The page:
The exact amount of exercise optimal to reduce cardiovascular disease risk is still unknown. However, moderation is the key.13 Some studies have shown it’s possible to overdo it. However – continuously high levels of exercise (such as marathon running), for example, may adversely affect your heart health.13

With the Allurion Programme, you’ll be provided with several digital tools to help you start and maintain a fitness routine plus track and share your progress with your care team:

  • The Allurion Health Tracker plays a vital role in monitoring activity levels – a key factor in reducing cardiovascular risk.
  • The Allurion Connected Scale plays a vital role in monitoring weight loss and body composition changes, which is a key factor in reducing cardiovascular risk.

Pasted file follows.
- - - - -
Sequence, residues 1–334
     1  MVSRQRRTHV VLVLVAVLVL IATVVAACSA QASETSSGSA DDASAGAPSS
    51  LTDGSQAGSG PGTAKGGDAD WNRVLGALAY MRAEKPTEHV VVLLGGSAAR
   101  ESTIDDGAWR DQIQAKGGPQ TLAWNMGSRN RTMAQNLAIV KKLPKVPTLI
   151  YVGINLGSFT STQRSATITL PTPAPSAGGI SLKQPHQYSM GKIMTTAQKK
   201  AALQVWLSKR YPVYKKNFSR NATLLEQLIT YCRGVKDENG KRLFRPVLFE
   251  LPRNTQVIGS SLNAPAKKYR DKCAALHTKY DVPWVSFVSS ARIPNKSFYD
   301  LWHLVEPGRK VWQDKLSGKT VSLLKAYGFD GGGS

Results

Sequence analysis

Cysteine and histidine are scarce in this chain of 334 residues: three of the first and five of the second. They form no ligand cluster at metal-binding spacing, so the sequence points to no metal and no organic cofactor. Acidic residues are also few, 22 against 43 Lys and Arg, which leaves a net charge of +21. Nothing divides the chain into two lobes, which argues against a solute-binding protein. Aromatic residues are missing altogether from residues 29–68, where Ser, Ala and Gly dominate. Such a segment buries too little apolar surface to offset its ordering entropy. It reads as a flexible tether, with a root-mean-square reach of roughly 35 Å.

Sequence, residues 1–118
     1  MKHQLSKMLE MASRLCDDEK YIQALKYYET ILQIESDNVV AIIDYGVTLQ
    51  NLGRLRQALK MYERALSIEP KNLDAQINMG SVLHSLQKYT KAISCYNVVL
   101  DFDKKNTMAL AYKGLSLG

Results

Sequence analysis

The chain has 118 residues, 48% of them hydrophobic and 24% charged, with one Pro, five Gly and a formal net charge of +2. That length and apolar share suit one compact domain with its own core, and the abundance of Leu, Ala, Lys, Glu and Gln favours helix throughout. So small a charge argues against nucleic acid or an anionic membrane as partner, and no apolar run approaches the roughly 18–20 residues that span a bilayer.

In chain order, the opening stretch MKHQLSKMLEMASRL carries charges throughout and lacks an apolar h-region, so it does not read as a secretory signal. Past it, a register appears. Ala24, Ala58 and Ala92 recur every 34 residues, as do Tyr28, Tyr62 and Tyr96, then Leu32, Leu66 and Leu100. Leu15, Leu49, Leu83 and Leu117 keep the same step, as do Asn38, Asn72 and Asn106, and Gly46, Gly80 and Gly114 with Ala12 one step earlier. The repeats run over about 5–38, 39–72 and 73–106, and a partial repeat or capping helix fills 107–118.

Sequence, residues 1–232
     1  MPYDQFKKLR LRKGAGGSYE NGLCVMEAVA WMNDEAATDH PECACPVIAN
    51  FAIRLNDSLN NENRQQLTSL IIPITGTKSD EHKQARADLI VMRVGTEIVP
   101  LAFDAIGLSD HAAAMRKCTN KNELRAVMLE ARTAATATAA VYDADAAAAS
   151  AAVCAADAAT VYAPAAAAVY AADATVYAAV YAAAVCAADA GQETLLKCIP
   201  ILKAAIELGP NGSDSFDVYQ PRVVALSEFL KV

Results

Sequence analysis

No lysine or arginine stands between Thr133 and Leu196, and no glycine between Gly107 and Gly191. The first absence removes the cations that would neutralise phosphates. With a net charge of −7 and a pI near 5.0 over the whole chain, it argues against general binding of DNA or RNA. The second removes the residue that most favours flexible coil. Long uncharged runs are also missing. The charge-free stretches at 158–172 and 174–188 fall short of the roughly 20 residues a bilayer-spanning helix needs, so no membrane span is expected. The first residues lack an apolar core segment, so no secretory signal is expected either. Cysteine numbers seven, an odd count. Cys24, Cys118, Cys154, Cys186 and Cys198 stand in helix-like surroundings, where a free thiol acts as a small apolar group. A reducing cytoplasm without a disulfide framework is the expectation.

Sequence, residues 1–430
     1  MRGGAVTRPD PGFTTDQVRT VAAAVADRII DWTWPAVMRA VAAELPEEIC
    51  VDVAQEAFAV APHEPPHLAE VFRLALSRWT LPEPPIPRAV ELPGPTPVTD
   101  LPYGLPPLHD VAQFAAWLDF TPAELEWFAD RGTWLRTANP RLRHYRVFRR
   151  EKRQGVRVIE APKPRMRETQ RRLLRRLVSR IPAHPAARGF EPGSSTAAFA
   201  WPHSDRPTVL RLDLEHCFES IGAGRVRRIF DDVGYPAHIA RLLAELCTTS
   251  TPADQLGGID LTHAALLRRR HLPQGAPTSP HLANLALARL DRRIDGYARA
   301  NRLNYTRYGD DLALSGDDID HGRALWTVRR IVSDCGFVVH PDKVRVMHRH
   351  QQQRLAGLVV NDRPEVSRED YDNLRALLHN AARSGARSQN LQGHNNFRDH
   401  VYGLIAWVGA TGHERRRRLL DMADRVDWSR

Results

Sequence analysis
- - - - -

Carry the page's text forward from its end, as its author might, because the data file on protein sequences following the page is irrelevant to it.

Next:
• The Allurion app gathers and tracks all of this data, sharing it with your medical and care team, so you get timely advice and help whenever you need it.

How can heart health be maintained?

To maintain heart health:1

·       review your diet to ensure you’re eating a healthy, well-balanced pattern of eating.

·       work on achieving and maintaining a healthier weight.

·       stay physically active

·       don’t smoke.

·       don't drink alcohol in excess.

Book your free consultation for the Allurion Programme today!

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  1. World Health Organization (WHO). Cardiovascular diseases - Data and statistics. [Last accessed October 2021].
  3. Cardiovascular diseases (CVDs). Published 2022. Accessed August 3, 2022.
  4. What is a Heart Attack?. Published 2022. Accessed August 3, 2022.